San Francisco, CA (PRWEB) January 29, 2013
Small business never has it easy. There are always multiple challenges to face and overcome, not the least of which is finding a source of financing. Ever since the Great Recession of 2008, small businesses have found it increasingly difficult to locate sources of financing. Though there have been small improvements in 2012, the coming year still promises to be difficult for most small businesses who hope to borrow money for growth.
A plan to help small businesses, part of the Small Business Jobs Act, was intended to help community banks make as much as $300 billion in new loans to small businesses, said a Bloomberg Businessweek report. But the majority of the money that the government invested—some $2.2 billion—actually went to help community banks repay their earlier government bailouts.
USAToday reported that big banks approved 14.8% of small-business loan requests in October, down from about 46% before the economic downturn, according to Rohit Arora, CEO of Biz2Credit. The Wall Street Journal has been following this issue for some time. Ami Kassar said in on eof the articles that "...America's big banks should be ashamed of their lending record to small businesses. The top 5 big banks in our country hold 40% of all domestic deposits ($2.965 trillion), yet only make 16%, ($97.3 billion) of all the small business loans in America, according to data reported by the FDIC."
A report on NBC news report discussed that reduction of bank credit has had an even bigger impact on small business than it does on large business, because large businesses can borrow money through corporate bonds or "commercial paper." In contrast, small businesses rely almost exclusively on credit provided from banks.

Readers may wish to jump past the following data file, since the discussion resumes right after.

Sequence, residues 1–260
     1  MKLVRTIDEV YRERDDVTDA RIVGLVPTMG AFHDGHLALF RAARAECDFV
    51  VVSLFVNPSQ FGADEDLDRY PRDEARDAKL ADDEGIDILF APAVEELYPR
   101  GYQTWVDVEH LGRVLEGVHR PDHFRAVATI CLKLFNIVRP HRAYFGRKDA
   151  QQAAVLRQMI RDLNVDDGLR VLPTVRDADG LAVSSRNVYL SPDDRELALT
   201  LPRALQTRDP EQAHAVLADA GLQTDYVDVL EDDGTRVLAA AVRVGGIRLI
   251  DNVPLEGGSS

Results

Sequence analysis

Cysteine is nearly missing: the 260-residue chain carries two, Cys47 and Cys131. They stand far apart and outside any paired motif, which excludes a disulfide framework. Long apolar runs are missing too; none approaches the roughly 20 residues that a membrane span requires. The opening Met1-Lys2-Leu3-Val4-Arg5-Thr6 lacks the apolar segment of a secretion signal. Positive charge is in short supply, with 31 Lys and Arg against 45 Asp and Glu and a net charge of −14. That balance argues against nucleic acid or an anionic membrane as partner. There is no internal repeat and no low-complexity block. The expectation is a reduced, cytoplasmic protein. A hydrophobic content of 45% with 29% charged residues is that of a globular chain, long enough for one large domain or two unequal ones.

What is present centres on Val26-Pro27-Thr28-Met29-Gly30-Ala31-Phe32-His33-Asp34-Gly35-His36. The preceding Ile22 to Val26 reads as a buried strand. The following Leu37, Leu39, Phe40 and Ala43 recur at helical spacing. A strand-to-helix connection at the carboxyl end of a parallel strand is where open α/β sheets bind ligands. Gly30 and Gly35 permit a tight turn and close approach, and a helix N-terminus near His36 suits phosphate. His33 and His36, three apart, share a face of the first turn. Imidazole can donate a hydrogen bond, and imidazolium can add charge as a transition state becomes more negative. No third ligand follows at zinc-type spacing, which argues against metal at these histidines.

“It is absurd that banks have received trillions of dollars in capital injections and many are reporting record profits and yet they refuse to lend this money to small businesses. While we have found that they will happily lend to those with excellent credit, stellar cash flow, and adequate collateral, this is simply not enough,” said Terry Robinson, president of Sunovis Financial. “As a consequence, we have been turning our clients increasingly towards alternative lenders who are willing to lend to those who are just starting out or may have less than perfect credit.”
Micro lenders can provide access to a small business owner, without the need for credit checks or months long approval processes. In some cases, the loan will be approved in 24 hours and funded within a business week. Some Micro loan underwriters require at least one year in business, and some have specific qualified industries. A list of Disqualified industries for the Sunovis Micro loan is found here.
Micro lenders typically underwrite by basing the eligibility of borrowers on cash flow (and ability to repay the loan), inventory turnover, and a host of other factors, rather than using the traditional credit checks and collateral requirements. Because the process is technology based, the application and approval process is quick and streamlined, making it a perfect match for small business owners who often don’t have months to wait for a loan officer to approve their loan.
In addition to the alternative lenders, small banks and credit unions have also been a good source of financing, though that appears to be slowing for the small banks and is capped by federal lending regulations for credit unions.
A further source of financing has been the Small Business Administration (SBA), which backed $30 billion in small business loans in 2012. This is the second largest year of lending for the SBA, and while they point to it as a sign that the economy is improving, the truth is that much of this lending was due to new federal programs and the lack of financing available from traditional bank loans.
Small business is the engine of growth in America. With the increase in alternative lending sources, it is possible that this growth will get back on track in 2013.
About Sunovis Financial
Every small business is important to local communities and even more important in rebuilding the American economy. Today more than ever, small businesses need capital and assistance to thrive, and that is what Sunovis is focused on.
Sunovis is an SBA expert, and also offers Short-Term Micro Loans for small businesses, not weighted on FICO scores or collateral but on business health and cash flow.